“I hope all your doughnuts turn out like Fanny’s.” With that immortal line TV host Bill Tennant closed a segment with British chef Fanny Cradock on his 1970s talk show. The sentence was said in all innocence, apparently, but it serves to underline the staying power of TV chefs in the public consciousness.
It also reminds us quite how comical some of the chefs – and their recipes – can now sometimes appear.
Take Julia Child, for example.
I watched Meryl Streep portray the 1960s American chef in the film Julie and Julia the other night. The movie chronicles the life of Julie Powell as gives herself a year to recreate all of the recipes from Child’s book Mastering the Art of French Cooking.
Child was a gangly, gauche character who dedicated her time in Paris to becoming a cordon bleu chef. Her diplomat husband had been posted there in the late 1940s.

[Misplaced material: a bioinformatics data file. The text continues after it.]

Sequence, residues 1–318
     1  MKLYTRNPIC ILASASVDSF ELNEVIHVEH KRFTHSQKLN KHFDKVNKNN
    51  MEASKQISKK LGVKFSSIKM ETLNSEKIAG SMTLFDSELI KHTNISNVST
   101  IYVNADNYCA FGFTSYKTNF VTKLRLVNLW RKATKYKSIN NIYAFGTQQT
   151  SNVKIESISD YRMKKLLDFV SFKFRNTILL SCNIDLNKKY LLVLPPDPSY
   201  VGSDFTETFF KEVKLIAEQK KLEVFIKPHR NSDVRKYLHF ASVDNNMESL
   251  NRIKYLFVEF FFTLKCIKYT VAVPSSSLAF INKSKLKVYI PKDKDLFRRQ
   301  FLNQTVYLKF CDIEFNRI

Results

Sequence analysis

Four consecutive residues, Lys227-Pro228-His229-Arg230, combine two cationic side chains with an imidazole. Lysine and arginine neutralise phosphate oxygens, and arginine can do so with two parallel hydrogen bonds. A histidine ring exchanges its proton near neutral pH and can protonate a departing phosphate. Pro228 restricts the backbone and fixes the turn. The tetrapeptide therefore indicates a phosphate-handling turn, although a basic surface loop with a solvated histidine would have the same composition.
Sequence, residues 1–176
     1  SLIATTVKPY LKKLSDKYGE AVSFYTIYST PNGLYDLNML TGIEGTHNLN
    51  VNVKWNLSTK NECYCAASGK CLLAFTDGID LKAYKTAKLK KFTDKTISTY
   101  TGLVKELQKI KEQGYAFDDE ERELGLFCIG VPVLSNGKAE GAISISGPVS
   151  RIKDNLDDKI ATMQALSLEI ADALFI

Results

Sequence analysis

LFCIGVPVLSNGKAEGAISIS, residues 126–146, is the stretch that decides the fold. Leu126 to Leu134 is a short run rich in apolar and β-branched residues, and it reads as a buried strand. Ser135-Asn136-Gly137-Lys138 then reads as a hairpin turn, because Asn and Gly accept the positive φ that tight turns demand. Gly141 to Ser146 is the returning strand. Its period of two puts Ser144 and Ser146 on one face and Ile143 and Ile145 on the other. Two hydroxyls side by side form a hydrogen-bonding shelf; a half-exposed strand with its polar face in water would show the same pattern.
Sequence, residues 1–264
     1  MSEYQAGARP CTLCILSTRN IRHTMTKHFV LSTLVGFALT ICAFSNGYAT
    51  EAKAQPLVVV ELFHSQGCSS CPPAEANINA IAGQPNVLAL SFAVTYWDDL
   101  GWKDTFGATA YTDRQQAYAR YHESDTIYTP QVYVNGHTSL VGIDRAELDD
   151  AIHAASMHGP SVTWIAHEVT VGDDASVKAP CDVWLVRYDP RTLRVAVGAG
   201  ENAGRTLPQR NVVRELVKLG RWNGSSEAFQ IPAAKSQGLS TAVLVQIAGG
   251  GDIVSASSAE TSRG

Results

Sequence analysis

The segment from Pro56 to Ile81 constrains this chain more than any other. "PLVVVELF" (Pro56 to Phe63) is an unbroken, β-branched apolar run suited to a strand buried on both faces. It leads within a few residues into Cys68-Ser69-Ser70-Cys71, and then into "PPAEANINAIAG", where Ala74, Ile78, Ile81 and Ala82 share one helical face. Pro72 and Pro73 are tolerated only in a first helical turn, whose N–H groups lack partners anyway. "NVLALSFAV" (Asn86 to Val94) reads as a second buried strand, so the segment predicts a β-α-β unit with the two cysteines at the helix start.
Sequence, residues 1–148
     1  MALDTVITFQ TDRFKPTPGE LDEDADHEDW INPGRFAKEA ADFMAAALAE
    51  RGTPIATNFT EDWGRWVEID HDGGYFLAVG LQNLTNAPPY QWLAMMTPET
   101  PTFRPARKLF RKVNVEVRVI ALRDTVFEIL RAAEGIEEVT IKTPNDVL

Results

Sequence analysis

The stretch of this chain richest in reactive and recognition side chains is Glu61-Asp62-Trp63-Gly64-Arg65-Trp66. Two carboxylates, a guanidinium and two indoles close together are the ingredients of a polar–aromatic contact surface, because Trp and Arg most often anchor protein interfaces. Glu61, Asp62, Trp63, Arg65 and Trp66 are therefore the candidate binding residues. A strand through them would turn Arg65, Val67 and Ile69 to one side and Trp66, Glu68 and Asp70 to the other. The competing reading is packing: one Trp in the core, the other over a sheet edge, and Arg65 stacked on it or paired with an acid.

The similarities between Powell’s blog and this one are clear: hers was a year-long project with a French theme. This is too, though I’ll almost certainly keep it going beyond the year, but not daily.
Her blog also overtook her life, which this one has mine.
For a British audience the film introduces us to Julia Child. We didn’t have her on our screens. Instead, we have Elizabeth David to thank for Britain’s introduction to French cooking.
I am sure both chefs would have been happy to wish their viewers, “Bon appétit!”